Find Out Why – Put a Light on It


Identify & move

Let’s talk about you for a minute.

You know that feeling you get when you see Bob?

That pit of your stomach feeling? That ugh!

You won’t give Bob a fair shake until you name “it.” We aren’t robots, and emotionally you won’t let whatever that slight was “go,” especially if you carry it.

You have two options – stop working with Bob, or find out what that feeling is and resolve it.

The good news is, addressing the issue is much easier once you find it.

How do you show it? Write it out. Get that feeling out.

Supreme Court Justice Brandeis once said, “Sunlight is said to be the best of disinfectants.”

After the feeling is out, think about yourself.  What causes you to have those feelings?

Resolve them.

What about Bob?

Bob has nothing to do with it. Your feelings are up to you.

If you intend to lead, you have to master yourself.

Venting Leaves A Bad Memory

Venting doesn’t move us forward; it keeps us in place.

People tell you it’s ok to vent after a terrible event.
Someone says “Let it out, it’s ok,” while you wax poetically about some wrong.
It felt good. You got to say all the things they did (all while avoiding your hand in the situation) and your friend (with limited information) let you know how right you are.
Your brain marks this memory, and off you go, using your vent story as the memory of what happened.  This imprint is problematic.
  • It is difficult to understand the lessons learned with a self-told favorable story.
  • A friend supporting you backs up this version of events, making it that much harder to go back to things as they were.
 So here is a quick exercise on venting.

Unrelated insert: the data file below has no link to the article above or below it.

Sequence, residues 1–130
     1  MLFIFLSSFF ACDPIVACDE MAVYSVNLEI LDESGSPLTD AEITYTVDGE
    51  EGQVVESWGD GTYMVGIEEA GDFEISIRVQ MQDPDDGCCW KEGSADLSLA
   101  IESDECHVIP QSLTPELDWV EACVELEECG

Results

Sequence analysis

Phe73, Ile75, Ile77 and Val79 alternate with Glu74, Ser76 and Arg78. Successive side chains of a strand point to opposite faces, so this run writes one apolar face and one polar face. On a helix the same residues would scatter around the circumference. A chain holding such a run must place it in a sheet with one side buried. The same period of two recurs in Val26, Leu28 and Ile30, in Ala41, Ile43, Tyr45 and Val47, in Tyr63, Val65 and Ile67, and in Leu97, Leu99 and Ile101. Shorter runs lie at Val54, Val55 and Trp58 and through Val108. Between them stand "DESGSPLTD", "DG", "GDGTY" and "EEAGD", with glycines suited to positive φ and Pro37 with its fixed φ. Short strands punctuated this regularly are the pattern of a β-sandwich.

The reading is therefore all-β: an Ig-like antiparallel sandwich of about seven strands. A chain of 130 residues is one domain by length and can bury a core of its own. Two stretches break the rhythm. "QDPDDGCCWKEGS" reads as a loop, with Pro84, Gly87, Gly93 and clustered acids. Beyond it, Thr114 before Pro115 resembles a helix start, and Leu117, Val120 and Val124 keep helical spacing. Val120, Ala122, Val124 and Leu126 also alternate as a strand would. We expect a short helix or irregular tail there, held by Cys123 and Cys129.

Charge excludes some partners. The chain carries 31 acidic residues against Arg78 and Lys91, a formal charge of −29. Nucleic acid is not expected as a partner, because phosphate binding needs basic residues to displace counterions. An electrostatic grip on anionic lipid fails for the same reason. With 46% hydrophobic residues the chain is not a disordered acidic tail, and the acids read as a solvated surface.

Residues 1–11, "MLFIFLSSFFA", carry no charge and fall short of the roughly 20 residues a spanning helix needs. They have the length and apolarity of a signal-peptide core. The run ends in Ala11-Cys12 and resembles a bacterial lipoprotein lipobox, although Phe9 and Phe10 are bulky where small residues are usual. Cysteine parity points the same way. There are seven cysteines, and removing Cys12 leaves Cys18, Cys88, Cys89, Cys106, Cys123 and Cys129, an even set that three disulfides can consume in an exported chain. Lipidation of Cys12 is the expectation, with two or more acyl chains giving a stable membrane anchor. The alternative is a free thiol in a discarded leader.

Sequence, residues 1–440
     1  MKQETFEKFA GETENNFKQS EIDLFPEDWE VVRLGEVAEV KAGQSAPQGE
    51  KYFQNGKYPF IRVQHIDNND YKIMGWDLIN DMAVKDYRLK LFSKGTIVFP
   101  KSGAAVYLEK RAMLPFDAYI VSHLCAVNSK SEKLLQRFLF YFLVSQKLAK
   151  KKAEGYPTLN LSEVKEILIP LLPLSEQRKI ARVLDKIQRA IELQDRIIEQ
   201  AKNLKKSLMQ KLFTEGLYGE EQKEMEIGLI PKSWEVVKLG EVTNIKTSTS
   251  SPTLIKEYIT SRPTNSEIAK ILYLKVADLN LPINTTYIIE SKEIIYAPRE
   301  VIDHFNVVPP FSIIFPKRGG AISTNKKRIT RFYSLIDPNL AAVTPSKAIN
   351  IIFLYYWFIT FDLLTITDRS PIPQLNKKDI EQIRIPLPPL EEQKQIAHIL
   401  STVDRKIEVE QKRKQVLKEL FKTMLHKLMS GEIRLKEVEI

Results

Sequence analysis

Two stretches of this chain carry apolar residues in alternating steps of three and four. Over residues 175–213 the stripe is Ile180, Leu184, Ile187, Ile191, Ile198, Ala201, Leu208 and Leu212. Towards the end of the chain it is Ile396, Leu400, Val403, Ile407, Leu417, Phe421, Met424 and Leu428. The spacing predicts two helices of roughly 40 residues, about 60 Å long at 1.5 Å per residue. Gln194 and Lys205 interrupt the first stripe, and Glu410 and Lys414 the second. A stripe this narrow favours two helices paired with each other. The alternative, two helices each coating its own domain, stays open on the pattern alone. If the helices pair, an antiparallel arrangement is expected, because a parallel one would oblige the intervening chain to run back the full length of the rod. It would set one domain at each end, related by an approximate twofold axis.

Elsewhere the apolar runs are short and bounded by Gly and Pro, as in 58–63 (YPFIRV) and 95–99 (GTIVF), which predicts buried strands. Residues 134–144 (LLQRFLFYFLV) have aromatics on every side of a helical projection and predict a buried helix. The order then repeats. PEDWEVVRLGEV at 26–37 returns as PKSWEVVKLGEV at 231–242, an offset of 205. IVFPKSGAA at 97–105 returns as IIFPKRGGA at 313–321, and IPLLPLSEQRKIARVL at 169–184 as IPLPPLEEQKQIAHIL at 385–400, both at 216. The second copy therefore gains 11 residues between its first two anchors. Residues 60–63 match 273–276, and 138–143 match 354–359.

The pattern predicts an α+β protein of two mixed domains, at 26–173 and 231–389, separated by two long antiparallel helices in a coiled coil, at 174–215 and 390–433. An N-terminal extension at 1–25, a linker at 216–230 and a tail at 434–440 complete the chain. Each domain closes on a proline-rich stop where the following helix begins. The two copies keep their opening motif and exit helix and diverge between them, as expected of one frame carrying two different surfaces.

When you want to “vent” do the following:
  1. Go to a quiet place. Sit with yourself for a while; the next step is difficult.
  2. Write a timeline of events, stripping out all emotion.
  3. By each event, write what you did to cause that point to happen and write the other person.
  4. Leave it for an hour or so.
  5. Go back and write what you did. This second pass is critical because there is a high chance that the first pass sounds like venting.
  6. Find the lessons on your end.
This exercise is difficult and venting is not. Venting, however, doesn’t help you understand or make you better. Taking the time to do this exercise improves your decision-making, which means fewer opportunities to vent overall.

Don’t Forget to Breathe

You always have time.

When you watch an action movie, the hero always does one thing before going into that room filled with bad guys.

We see it help with their success, yet it is so easy to neglect. 

What is it?


Whenever something bad happens to someone I know, the first thing I do is tell them to breathe.

There are always questions, depending on the level of anger. All of the questions they ask eventually lead to “What does breathing do for the situation?”

Breathing doesn’t do anything “tactical.” It, alone, won’t save your life.

Breathing won’t:

  • Put money in your bank account.
  • Get your significant other to call you back.
  • Stop your boss from firing you.

It’s about your strategy moving forward. Strategy informs tactics, tactics inform emotion.  Breathing gives you the opportunity to improve the strategic mindset by doing several things all with one action.

Breathing helps:

  • Slow down the situation.
  • Take control from the reptilian brain (fight or flight).
  • Increase empathy for the other side.

By breathing, our hero makes the right call. Help yourself make the right call by taking a second to breathe.